Tuesday, February 11, 2014

On Dylan Farrow, Woody Allen, and personal integrity [note: disturbing content]

There are precious few at ease
With moral ambiguities
So we act as though they don't exist!
--The Wizard of Oz, "Wonderful," from the musical Wicked
If you're the sort of TL;DR skimmer who won't bother reading the rest of this, let me sum it up in one bold statement: I believe Dylan Farrow is telling the truth about being sexually molested by Woody Allen. But that doesn't necessarily mean I stand with her.

Wait. If I believe Dylan Farrow, how can I not stand with her? Am I so huge a fan of Woody Allen that I believe he gets a pedophile pass? (Nope.) Do I believe sexual molestation of children is normal and natural? (HELL to the NO.) Do I have any kind of empathy for children who were sexually molested, and the psychological hell they continue to experience long after the abuse is over? (Yes, I do.) So then, why do I choose not to stand in complete solidarity with Dylan?

Because I believe that, based on the public statements she has made on the subject, Dylan Farrow wants the world to see Woody Allen as she does -- as an irredeemable monster. And I don't think it's quite that simple.

To be fair to Dylan, Woody Allen must indeed seem a monster -- one who has never publicly acknowledged what he did to her, let alone apologized for it; one who has never done prison time for the criminal act of sexually molesting a child, and likely never will; one who seems to have experienced no public reprisals for his behavior, as he continues to be showered with honors and accolades for his writing and directing prowess.

Friends and acquaintances who carry water for Mr. Allen are doing their best to cast aspersions on Dylan's experiences, trying to marginalize her as mentally fragile, deriding her as a bitch, or suggesting that her mother coached her to believe horrific stories that never really happened. It must be easier for many of these people to believe Dylan is deluded or evil than it is to question their own judgement -- to come to terms with the idea that the charming, funny, creative man they've been proud to call a friend could do such terrible things to his own daughter.

Both of these narratives -- that Dylan is telling the truth, therefore Woody Allen is a monster, and that Woody Allen did nothing wrong, therefore Dylan is a liar -- are incomplete. People on both sides of the issue want one of the principals to be absolutely right, and the other to be absolutely wrong. And that's not how it works. All human beings are complex mixes of good and evil, and their lives are not algebraic equations where the good and the bad neatly cancel each other out.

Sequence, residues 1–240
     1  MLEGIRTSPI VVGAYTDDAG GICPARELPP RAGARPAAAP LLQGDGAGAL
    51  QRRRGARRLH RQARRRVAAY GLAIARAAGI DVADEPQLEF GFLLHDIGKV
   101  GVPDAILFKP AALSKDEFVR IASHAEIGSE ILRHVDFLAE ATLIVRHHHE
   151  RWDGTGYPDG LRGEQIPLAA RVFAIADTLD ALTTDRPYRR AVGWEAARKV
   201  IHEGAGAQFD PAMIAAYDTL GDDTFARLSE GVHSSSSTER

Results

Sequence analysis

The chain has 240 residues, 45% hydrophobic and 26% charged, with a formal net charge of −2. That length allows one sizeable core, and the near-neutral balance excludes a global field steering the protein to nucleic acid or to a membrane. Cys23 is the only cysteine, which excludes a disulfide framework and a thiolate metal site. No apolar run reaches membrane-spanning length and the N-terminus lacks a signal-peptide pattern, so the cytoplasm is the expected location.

As human beings, we have an almost visceral hunger for personal integrity. We desperately want to believe that the people we admire are all good, and that the people we abhor are all bad. But this is a fragile social fiction, one readily broken whenever a formerly-heroic celebrity -- Lance Armstrong, O.J. Simpson, Michael Jackson -- falls from grace. And because that very human desire for integrity continues to be just as strong, the celebrities we once loved often become the fallen celebrities we love to hate -- the all-good transformed into the all-bad. Indeed, we have such a strong desire for integrity that it sometimes counts for more than intent in our eyes, as when a pious religious leader commits a sin and we castigate him for it, while a bald-faced, unrepentant sinner gets a pass for his many peccadilloes because "at least he's honest."

Though we may strive for integrity, to make sure the things we believe in mesh completely with the things we do, we are human -- and to be human is to be hypocritical, to continually fall short of the things we imagine ourselves to be. Our lives are like a field, indiscriminately sown with seeds of goodness and seeds of evil; every life event harrows up the field, turning up different seeds, letting them germinate. We may do our best to pull up the evil seeds and nourish the good ones, but it's sometimes difficult to discern which is which right away; this is one of the reasons why Christians believe there is a need for a Christ, for someone who has the power to expiate our sins and mistakes, because everyone makes them to one degree or another.